Forces of Imagination: Writing on Writing

Forces of Imagination: Writing on Writing

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Barbara Guest

  • DETAILS

    2003, 111 pages

    ISBN 0-932716-61-X

     

    Drawings by Laurie Reid.

     

    DESCRIPTION

    Spanning three decades, this compilation of essays and talks comprises Barbara Guest's most comprehensive commentary to date on writing and poetics.

     

    BIOGRAPHY

    Barbara Guest is the author of numerous books of poetry, among them The Red Gaze (Wesleyan University Press, 2005); Miniatures and Other Poems (2002), Symbiosis (1999), Defensive Rapture (1994), Fair Realism (1989), Musicality (1988), The Nude (1986), Quilts (1980), and Biography (1980). She is also the author of several plays and a novel, Seeking Air (1978). Her honors include the Robert Frost Medal for Distinguished Lifetime Achievement from the Poetry Society of America, the Longwood Award, a San Francisco State award for poetry, the Lawrence Lipton Award for Literature, the Columbia Book Award, and a grant from The National Endowment for the Arts.

     

    She lived in Berkeley, California. Guest died on February 15, 2006.

  • PRAISE

    Barbara Guest may finally be getting the level of recognition accorded her differently gendered New York School peers. She, too, began in 1950s New York, taking cues from modern abstract painters; she, too, pursued a modernist version of beauty through several decades of now-influential verse. Guest collects her challenging shorter essays, talks and even some poems about poetry in the long-awaited Forces of the Imagination: Writing on Writing. Some pieces remain provocatively abstract, advising us to "Respect your private language"; others return to the poet H.D. (whose biography, Herself Defined, Guest has written), pursue links between verse and visual art, or trace Guest's own development: "I grew up under the shadow of Surrealism." For Guest, "The person inside a literary creation can be both viewer and insider. The window is open and the bird flies in."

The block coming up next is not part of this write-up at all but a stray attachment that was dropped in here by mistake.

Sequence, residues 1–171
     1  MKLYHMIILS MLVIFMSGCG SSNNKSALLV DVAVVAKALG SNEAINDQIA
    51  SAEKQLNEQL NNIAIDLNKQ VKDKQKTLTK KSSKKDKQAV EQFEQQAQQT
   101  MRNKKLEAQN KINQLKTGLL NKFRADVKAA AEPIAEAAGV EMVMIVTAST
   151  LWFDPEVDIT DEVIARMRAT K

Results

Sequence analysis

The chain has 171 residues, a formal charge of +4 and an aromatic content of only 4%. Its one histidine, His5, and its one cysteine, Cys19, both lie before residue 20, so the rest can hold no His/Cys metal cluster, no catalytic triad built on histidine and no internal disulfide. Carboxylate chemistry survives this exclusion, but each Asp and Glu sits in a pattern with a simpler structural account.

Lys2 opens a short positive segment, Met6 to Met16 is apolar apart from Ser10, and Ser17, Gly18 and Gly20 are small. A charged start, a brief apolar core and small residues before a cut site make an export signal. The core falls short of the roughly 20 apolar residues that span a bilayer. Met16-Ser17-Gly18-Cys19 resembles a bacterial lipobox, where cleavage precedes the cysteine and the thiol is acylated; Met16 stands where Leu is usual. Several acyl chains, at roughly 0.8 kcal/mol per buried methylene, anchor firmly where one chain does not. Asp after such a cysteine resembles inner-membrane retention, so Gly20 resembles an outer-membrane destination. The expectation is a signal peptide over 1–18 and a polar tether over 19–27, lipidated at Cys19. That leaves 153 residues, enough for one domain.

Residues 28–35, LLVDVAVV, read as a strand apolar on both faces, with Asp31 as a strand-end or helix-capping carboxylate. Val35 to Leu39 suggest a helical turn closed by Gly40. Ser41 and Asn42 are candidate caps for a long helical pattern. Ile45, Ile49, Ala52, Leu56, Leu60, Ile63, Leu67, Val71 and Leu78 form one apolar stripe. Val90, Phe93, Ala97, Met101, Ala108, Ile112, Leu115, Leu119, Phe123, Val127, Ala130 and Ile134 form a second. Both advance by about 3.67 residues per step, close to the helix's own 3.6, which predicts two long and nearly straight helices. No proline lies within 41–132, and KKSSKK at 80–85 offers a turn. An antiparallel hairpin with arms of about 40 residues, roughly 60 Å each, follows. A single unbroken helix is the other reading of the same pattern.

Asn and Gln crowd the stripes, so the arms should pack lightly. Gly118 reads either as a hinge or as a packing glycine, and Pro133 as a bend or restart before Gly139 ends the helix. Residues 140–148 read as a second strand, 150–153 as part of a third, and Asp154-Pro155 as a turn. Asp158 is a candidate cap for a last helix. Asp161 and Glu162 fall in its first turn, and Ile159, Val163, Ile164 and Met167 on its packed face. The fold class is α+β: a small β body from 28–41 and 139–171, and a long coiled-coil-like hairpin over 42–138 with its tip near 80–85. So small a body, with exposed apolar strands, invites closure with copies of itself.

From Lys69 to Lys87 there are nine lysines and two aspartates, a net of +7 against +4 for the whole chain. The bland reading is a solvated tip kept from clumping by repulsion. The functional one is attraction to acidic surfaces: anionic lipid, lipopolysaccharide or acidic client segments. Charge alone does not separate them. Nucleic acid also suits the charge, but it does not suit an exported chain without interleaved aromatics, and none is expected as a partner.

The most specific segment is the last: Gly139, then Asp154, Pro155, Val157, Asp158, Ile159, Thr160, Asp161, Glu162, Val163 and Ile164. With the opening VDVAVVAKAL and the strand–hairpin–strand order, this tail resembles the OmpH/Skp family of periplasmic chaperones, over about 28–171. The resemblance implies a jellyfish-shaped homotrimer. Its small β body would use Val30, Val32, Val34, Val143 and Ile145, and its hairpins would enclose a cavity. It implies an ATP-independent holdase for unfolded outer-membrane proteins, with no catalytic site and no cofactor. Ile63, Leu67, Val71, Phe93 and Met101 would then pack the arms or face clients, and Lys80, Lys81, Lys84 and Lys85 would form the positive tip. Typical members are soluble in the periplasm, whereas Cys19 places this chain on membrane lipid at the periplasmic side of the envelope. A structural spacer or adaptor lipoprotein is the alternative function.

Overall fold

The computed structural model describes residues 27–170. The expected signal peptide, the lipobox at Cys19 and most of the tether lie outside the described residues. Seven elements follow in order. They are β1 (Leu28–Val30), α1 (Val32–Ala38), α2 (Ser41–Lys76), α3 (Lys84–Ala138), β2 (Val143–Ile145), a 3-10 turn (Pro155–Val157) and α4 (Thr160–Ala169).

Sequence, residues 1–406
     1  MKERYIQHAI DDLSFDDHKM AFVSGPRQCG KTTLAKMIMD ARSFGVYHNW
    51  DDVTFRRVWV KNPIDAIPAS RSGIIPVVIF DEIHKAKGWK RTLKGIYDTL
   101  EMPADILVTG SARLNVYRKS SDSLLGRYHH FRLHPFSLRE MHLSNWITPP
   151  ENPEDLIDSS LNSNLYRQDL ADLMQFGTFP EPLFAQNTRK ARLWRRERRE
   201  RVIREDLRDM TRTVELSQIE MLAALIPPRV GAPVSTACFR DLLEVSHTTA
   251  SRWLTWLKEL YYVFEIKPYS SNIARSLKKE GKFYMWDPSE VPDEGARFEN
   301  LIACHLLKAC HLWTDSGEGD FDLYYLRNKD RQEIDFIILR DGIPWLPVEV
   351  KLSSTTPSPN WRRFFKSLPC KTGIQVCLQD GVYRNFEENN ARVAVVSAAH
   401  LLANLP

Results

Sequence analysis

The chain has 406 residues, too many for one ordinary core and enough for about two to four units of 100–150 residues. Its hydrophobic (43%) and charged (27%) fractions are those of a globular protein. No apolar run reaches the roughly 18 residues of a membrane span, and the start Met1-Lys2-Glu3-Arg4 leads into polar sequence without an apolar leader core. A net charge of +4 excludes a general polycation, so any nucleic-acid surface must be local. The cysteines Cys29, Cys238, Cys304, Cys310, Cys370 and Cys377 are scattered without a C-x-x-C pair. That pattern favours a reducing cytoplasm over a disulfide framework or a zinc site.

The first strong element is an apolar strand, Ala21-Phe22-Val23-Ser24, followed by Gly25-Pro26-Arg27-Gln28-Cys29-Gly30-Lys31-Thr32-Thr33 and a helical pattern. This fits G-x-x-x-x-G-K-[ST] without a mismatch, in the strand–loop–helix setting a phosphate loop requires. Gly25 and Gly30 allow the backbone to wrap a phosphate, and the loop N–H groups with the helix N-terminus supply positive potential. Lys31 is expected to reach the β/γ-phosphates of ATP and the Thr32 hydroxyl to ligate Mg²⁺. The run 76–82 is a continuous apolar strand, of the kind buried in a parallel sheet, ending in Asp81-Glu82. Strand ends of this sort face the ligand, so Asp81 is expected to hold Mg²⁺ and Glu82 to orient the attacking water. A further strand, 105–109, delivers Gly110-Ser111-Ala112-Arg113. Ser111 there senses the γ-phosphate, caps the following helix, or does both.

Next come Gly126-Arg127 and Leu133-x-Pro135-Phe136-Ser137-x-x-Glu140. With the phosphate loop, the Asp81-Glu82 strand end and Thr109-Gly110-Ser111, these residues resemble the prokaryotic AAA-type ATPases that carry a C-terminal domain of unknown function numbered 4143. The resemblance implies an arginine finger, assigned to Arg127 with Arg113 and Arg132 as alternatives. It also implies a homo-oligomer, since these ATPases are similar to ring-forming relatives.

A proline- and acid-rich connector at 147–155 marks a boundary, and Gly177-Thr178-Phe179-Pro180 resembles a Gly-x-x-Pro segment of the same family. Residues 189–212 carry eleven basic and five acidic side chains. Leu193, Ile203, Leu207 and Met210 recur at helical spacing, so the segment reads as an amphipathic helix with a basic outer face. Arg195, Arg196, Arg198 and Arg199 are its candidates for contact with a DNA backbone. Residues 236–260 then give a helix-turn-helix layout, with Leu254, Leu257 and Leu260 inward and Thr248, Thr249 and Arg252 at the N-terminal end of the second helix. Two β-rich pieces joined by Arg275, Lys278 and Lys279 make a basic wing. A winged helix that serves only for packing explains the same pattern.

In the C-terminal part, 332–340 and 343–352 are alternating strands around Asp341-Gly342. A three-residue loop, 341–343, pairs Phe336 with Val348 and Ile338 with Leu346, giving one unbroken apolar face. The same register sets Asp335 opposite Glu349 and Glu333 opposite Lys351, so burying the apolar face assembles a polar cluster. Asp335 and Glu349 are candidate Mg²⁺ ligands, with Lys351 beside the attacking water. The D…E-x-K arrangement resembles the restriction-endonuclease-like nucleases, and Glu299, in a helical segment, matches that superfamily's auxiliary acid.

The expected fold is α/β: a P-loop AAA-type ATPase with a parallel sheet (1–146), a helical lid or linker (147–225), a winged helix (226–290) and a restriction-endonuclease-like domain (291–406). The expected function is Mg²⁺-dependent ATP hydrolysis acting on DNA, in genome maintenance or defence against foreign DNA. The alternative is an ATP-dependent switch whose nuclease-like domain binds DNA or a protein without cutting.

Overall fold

— Publisher's Weekly

     

    We expect poets to give a first-hand account of what poetry is. But some poets, when they write criticism, produce a kind of prose that is itself on the verge of being poetry. Valery, Stevens and Marianne Moore belong to this "visionary company." And so does Barbara Guest, whose writing on poetry, collected here, are among the most inspiring works of their kind. It is a deep pleasure to know that such writing can still exist.

    — John Ashbery

     

    In this companion to her important poetry, Barbara Guest may be said to advance a poetics amazed in its dreaminess and lyrical in its critical register. No wonder the Symbolist poetics from which she takes her core meaning is as integral to her poetry as it is: it is the way she thinks! Her aphoristic plasticity is affirmative, affirmative in performing acts on our behalf.

    — Marjorie Welish